Clouds and Meditation

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When I was a kid, I loved to lie in the grass and watch the clouds. Back then, I marveled at and was fascinated by the different shapes and always could find animals in the puffy whiteness and grays.

I thought about those innocent times the other day while I was taking my morning walk. That’s when I realized the innocence was still alive in the relationship between clouds and meditation.

Clouds and meditation

Although I was sharing my walk with towering trees on two sides, I also had a clear view of the sky and the cloud formations. I was quickly transported back in time and again found myself intrigued by the shifting shapes. This time, however, I was not searching for dogs and bunnies among the formations.

For most of my life I have been a notorious multitasker. I have believed it is noble to be busy (aka, "productive’) and for my mind to be grasping and churning all the time. With that mindset, it is understandably a considerable leap to relax into the process of emptying the mind, being present, and practicing mindfulness.

Recently, however, I put the brakes on my runaway train and have been rethinking this approach to my life. People typically do this sort of soul-searching and life-shift for a variety of reasons—change in health, aging, end of a significant relationship, death, loss of employment, etc—but the reason does not matter. What matters is the personal awakening and the desire and willingness to take a different path.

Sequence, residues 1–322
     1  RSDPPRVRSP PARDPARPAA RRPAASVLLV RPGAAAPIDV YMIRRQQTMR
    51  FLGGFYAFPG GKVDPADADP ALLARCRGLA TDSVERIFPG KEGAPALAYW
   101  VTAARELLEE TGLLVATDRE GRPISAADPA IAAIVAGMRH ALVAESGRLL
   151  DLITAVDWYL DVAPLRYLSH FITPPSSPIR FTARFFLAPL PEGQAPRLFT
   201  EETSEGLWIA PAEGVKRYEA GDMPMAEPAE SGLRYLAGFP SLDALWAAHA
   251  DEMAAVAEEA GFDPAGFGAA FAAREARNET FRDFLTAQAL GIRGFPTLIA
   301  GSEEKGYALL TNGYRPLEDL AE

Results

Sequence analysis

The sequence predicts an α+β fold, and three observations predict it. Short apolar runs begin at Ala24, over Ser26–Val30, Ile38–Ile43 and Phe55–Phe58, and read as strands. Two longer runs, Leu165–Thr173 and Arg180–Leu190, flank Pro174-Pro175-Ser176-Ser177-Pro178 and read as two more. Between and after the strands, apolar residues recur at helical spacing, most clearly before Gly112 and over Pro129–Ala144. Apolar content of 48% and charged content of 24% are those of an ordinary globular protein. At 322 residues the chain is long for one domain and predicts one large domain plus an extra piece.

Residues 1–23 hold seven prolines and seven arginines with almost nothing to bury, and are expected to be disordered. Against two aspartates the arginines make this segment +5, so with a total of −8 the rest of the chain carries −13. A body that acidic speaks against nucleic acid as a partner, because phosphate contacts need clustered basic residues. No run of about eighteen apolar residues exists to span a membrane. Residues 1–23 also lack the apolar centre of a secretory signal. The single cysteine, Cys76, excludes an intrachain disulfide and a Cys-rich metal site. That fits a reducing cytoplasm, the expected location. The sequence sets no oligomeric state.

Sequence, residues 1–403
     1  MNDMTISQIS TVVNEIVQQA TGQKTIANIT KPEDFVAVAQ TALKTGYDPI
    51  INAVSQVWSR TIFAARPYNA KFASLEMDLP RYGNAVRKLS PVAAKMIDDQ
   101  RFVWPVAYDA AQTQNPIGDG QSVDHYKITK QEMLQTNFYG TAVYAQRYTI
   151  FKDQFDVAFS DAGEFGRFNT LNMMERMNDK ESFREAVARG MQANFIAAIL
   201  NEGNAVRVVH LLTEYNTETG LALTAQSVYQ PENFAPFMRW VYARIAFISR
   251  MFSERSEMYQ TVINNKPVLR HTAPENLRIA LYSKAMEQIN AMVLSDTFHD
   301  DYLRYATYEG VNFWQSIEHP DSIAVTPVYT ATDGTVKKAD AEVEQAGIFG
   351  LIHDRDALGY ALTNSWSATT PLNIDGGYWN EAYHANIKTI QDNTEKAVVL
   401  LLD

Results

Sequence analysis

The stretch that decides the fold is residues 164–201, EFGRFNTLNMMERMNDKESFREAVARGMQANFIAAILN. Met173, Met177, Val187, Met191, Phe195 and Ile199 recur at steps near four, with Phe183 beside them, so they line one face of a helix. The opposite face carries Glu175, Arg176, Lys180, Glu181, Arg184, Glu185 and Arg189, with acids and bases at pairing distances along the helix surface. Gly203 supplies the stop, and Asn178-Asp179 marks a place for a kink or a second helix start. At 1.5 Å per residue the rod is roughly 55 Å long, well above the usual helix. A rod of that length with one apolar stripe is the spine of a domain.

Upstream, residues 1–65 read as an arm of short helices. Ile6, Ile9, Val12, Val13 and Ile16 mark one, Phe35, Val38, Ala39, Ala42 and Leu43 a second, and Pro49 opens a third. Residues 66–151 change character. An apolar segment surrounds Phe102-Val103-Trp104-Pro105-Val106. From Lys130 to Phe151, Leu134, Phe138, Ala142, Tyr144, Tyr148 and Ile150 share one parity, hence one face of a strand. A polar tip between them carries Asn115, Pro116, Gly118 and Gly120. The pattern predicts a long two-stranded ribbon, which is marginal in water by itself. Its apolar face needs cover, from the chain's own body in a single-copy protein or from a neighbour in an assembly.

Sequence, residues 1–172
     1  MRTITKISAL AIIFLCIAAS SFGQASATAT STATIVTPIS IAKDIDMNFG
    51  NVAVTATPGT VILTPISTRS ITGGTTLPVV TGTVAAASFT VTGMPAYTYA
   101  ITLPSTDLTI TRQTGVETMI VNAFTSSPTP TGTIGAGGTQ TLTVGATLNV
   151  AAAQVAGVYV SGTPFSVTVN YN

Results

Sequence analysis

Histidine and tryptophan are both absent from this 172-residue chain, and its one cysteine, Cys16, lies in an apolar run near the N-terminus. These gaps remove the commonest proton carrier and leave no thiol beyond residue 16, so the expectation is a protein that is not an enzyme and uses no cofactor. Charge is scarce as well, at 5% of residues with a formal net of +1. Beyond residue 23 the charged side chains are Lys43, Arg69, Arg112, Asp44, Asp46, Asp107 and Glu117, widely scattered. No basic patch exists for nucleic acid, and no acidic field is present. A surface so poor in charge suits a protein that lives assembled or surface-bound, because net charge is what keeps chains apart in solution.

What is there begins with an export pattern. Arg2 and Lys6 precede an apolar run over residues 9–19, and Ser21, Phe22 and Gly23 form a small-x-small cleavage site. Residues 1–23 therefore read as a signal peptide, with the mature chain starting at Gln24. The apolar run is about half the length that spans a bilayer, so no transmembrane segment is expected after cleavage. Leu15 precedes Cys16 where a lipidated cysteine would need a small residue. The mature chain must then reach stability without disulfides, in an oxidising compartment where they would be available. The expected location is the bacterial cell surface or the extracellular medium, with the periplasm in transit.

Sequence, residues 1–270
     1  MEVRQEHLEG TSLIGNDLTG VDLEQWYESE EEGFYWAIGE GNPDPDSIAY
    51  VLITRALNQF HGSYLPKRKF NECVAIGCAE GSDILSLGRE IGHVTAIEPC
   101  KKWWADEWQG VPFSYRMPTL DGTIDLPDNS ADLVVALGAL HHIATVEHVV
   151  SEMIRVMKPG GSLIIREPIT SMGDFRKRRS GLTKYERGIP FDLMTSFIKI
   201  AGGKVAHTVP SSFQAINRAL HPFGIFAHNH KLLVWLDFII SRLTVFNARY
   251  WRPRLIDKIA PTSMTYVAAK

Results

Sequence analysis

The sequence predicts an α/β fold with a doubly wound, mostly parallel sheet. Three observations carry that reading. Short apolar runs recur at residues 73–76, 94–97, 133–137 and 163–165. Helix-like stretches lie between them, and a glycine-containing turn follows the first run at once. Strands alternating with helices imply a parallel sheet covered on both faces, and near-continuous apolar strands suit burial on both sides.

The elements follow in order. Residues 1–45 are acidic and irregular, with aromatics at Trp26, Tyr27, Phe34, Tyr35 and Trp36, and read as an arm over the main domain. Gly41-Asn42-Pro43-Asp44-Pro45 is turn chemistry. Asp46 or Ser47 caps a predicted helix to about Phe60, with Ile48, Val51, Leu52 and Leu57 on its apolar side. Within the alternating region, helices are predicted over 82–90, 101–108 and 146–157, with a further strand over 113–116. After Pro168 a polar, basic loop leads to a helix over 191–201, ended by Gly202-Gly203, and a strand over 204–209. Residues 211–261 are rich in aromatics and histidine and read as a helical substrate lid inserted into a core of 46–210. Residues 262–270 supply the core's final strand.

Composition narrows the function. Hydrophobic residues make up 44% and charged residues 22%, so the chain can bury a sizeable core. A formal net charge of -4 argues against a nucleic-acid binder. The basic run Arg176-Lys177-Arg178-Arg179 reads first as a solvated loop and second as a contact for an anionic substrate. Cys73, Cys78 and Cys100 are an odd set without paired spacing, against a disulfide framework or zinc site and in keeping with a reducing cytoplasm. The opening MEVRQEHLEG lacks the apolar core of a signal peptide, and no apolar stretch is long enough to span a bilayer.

If you are searching for a new path, you might consider clouds and meditation.

Although I had some experience with meditation several decades ago, my new journey has felt like an entirely different experience. I have been exploring meditation techniques, reading the works of various meditation teachers, and contemplating their words and wisdom. Among the teachers I have read is Pema Chodron, a Buddhist nun who has written extensively and simply on the practice of meditation.

Trains, clouds and meditation

In one of her books, How to Meditate: A Practical Guide to Making Friends with Your Mind, she offers a quote by Dilgo Khyentse Rinpoche, a Buddhist meditation master, scholar, and poet. Rinpoche had this to say about meditation:

"The towns and countryside that the traveler sees through a train window do not slow down the train, nor does the train affect them. Neither disturbs the other. This is how you should see the thoughts that pass through your mind when you meditate."

You can hop aboard a train when you meditate or, as I am prone to do, consider passing clouds. As a child I saw lions, rabbits, ice cream sundaes, and flowers. Now, clouds have taken on a whole new meaning. Remember the old Judy Collins song about clouds? In it she said "I look at clouds from both sides now." How true that is!

Once clouds were whimsical images; now they are a vehicle for my passing thoughts or they may be my thoughts. They are possibilities, hope, love, memories, dreams, worries. They are a raging bull that wisps into a gentle blanket, a towering tree that melts into a river.

I don’t need to physically see the clouds to practice, but they do make wonderful companions during both walking and sitting meditation. For me, clouds and meditation are a perfect blend of calm, wonder, and self-discovery. I wish the same for you, no matter how you choose to practice.